Editor Cheryl Kline challenged writers of children’s literature to post or at least ponder their guiding lights for writing (on her non-eponymous blog, chavelaque.blogspot.com). I love a challenge, so here goes!
My Advice to Me, Myself and I
Write because you must.
When I was younger, an actor/director told me there was only one excuse for being in theatre: because you’d be miserable doing anything else.
Let your characters say what they need to say, how they need to say it.
One of my most recently-met characters insisted on reporting (past) conversations in “scripted” form instead of as bits of quotation-marked dialog. I let her have her way in this one area, and it must have really given her some confidence, because she’s the biggest bossy-pants I’ve ever written. If I’d insisted upon quotation marks, I might never have met her.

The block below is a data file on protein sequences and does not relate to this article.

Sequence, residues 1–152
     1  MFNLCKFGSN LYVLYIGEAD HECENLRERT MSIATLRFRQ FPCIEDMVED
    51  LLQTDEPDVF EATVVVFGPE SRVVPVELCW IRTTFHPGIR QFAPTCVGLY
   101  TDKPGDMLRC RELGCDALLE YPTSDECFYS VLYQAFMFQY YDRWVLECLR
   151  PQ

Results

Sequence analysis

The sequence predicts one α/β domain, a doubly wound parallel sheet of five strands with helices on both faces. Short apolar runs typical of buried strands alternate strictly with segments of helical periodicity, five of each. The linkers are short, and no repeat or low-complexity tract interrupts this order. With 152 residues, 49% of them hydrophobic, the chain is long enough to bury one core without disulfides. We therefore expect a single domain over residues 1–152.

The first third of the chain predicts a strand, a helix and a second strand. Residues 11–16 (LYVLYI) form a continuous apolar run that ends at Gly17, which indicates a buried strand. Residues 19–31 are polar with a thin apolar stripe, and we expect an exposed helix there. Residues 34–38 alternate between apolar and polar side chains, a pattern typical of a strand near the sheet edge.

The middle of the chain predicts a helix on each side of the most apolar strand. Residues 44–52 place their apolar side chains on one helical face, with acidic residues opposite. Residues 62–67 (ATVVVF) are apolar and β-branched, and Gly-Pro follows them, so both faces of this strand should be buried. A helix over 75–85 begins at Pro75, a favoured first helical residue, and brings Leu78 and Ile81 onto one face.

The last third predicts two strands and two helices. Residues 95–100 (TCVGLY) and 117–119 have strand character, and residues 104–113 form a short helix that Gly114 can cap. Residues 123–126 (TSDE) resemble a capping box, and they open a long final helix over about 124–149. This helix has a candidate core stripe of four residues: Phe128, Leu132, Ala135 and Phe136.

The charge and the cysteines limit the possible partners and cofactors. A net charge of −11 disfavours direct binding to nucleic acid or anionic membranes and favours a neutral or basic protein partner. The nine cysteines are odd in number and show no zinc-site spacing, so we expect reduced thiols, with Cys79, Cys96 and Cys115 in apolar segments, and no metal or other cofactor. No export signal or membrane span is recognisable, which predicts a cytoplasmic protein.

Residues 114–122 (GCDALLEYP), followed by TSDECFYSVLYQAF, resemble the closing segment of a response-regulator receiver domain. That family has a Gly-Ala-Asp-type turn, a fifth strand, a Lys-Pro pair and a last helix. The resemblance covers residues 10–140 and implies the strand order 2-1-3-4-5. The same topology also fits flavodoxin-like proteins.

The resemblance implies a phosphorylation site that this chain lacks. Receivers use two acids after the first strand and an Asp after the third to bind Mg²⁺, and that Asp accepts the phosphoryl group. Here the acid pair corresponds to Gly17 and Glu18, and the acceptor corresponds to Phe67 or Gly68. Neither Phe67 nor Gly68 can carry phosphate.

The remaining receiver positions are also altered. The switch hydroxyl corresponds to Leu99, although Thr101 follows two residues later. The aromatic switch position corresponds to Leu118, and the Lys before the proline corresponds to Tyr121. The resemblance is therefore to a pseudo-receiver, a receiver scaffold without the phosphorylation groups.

Don’t write down to anybody.
Admit it: you hated this when you were any age. Your readers are smarter than you. Get over it.
Write the story you want to read.
It worked for Tolkien, and it really saves on the old book-budget. Just kidding. I’d never apply a budget to anything as essential as reading.
Read it out loud to your kids.
Yes, I know there’s all kinds of advice out there about not relying on the feedback you get from your sister, your best friend, or the people-who-depend-on-your-goodwill-to-eat. But if you’re writing for kids, read it out loud to your own. Mine have no problem telling me when I suck. I guess they know how to make their own food, though. So, teach your kids to cook. Then read your stuff to them.
I guess that’s about it for now. (Hint: do a screen capture and then come back in a few minutes/hours/days to see my edits!)
What are your rules for your own writing endeavors?